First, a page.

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To exasperate the poor Catholic still more, the rich graziers of the parish, or the squire in his parish, pay no tithe at all for their grass land. Agistment tithe is abolished in Ireland, and the burthen of supporting two Churches seems to devolve upon the poorer Catholics, struggling with plough and spade in small scraps of dearly-rented land.

I wonder whether I shall be permitted to communicate with my ward. I walk towards him, and Captain Spade and Engineer Serko watch me. Thomas Roch doesn't see me coming, and I stand beside him. Still he takes no notice of me, and makes no movement. His eyes, which sparkle brightly, wander over the ocean, and he draws in deep breaths of the salt, vivifying atmosphere.

I was let down into a big hole, the early parent of shaft-sinking, given a spade, and directed to apply it to a place where a digger's quick eye had detected one speck of gold. There was probably, he said, a string of gold behind it. And so it proved, for out of about a pound weight of matrix which I removed on the corner of the spade, I picked out 7 shillings and 6 pence worth of gold.

Now and then a spade made an opening for the gases to escape and the nauseated men were driven back. For all that, they filled the skip and the swinging derrick carried the load across the deck and tilted it overboard. The heat was almost unbearable, the reflections from the oily swell and wet deck hurt one's eyes, and Lister noted that the deck did not dry until the sea breeze began to blow.

Truly, this fair-seeming and wonderful civilisation was like the floor of a charnel-house or a field of battle; anywhere one drove a spade beneath its surface, he uncovered horrors, sights for the eyes and stenches for the nostrils that caused him to turn sick! There was Rusick, for example; he had a wife and two children, and not a dollar in the world.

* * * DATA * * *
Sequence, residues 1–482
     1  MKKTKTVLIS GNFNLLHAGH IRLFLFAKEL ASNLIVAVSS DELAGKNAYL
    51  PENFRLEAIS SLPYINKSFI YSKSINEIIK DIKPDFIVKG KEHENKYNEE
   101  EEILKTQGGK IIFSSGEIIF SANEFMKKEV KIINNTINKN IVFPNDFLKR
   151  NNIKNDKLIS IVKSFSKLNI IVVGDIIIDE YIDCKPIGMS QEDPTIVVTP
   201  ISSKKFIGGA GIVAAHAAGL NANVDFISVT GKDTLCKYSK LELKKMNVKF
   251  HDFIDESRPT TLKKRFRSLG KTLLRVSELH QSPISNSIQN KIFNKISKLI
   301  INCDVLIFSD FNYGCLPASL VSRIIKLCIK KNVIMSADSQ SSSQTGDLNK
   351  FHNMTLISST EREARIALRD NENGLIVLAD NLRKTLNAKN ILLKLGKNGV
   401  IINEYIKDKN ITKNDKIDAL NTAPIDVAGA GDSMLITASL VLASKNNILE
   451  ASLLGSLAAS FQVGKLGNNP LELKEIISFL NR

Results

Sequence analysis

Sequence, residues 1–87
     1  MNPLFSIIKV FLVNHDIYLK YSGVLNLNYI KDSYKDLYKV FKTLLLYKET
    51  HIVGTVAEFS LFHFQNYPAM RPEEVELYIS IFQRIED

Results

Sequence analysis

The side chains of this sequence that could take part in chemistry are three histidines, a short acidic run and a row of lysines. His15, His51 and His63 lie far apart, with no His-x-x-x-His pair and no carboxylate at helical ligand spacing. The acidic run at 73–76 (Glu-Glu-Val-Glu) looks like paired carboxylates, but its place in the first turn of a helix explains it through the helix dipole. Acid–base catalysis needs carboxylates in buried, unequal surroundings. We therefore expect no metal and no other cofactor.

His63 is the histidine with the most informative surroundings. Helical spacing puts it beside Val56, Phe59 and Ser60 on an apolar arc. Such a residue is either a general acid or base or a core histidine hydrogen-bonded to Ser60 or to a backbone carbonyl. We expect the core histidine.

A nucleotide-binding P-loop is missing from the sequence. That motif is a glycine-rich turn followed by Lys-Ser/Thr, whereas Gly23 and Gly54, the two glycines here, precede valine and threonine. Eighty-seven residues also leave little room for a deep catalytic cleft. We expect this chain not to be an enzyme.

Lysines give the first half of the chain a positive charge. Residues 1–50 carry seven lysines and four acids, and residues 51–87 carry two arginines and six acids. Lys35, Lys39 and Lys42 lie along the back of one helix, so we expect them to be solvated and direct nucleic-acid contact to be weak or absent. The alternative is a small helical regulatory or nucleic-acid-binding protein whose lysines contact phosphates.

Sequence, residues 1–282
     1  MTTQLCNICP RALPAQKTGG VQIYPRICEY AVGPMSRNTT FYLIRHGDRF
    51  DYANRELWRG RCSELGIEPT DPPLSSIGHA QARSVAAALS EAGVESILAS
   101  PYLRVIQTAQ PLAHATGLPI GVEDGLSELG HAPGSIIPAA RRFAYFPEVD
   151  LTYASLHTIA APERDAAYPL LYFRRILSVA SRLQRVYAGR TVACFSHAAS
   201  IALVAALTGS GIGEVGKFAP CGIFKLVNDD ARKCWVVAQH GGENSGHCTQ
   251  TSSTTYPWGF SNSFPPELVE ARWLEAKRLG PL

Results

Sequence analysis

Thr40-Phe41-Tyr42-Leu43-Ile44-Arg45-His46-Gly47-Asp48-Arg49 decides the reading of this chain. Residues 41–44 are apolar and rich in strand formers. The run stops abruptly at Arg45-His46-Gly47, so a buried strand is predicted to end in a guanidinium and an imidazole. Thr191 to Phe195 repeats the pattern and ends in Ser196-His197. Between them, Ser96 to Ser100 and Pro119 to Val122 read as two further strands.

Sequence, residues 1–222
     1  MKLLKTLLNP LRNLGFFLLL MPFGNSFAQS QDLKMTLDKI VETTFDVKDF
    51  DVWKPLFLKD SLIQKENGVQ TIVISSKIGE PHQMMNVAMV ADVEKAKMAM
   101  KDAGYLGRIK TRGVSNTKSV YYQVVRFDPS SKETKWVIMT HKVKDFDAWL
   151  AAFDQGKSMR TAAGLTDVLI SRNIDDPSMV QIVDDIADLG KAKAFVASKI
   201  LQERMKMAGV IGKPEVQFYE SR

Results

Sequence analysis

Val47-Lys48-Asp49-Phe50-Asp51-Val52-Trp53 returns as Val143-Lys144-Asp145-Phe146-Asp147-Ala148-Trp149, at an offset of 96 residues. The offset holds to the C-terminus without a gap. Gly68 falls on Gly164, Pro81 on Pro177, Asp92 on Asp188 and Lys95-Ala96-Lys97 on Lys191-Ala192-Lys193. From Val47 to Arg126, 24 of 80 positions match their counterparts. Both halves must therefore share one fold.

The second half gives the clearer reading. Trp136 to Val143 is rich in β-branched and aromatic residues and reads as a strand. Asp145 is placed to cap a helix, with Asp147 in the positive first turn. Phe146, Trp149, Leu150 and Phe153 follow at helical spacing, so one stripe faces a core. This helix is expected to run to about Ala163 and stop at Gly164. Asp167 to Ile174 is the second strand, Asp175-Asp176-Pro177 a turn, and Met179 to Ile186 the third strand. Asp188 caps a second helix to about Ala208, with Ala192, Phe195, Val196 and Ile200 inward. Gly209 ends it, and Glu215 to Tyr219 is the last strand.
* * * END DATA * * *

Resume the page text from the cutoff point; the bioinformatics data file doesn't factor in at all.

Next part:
In the library, however, hangs an etching which you often look at; in fact, you never pass it without noticing it. Two figures, a wheelbarrow, a spade, a stretch of country, a spire pencilled against a low-tone sky; and yet, somehow, you hear the tolling of the bell and the whispered prayer. Ah! but you say this has nothing to do with the treatment; it is the subject. One moment.

The excessive hardness of the wood, and my having no other way, made me a long while upon this machine; for I worked it effectually, by little and little, into the form of a shovel or spade; the handle exactly shaped like ours in England, only that the broad part having no iron shod upon it at bottom, it would not last me so long: however, it served well enough for the uses which I had occasion to put it to; but never was a shovel, I believe, made after that fashion, or so long a-making.

They were both experienced in such affairs, and powerful with the spade; and they had scarce been twenty minutes at their task before they were rewarded by a dull rattle on the coffin lid. At the same moment, Macfarlane, having hurt his hand upon a stone, flung it carelessly above his head.

He struck the horse lightly, and they passed on while the little funeral cortege went slowly to the burial place for the poor and unknown dead. It was a simple, and somewhat dreary place, which they reached at last. There were no cared-for flowers blossoming there, and the grass grew uncut around the nameless graves. The old man with his spade had just finished his work.

Then there was only Andrew to be seen in the distance, bending over his barrow or rake or spade; but he never looked up to the nursery window, and this was not surprising, for Andrew had a great deal to do. He worked in the garden, and fed the chickens, and took care of Ruby the horse, and sometimes drove the wagonette into Nearminster; he also rang the church bell, and was parish clerk.

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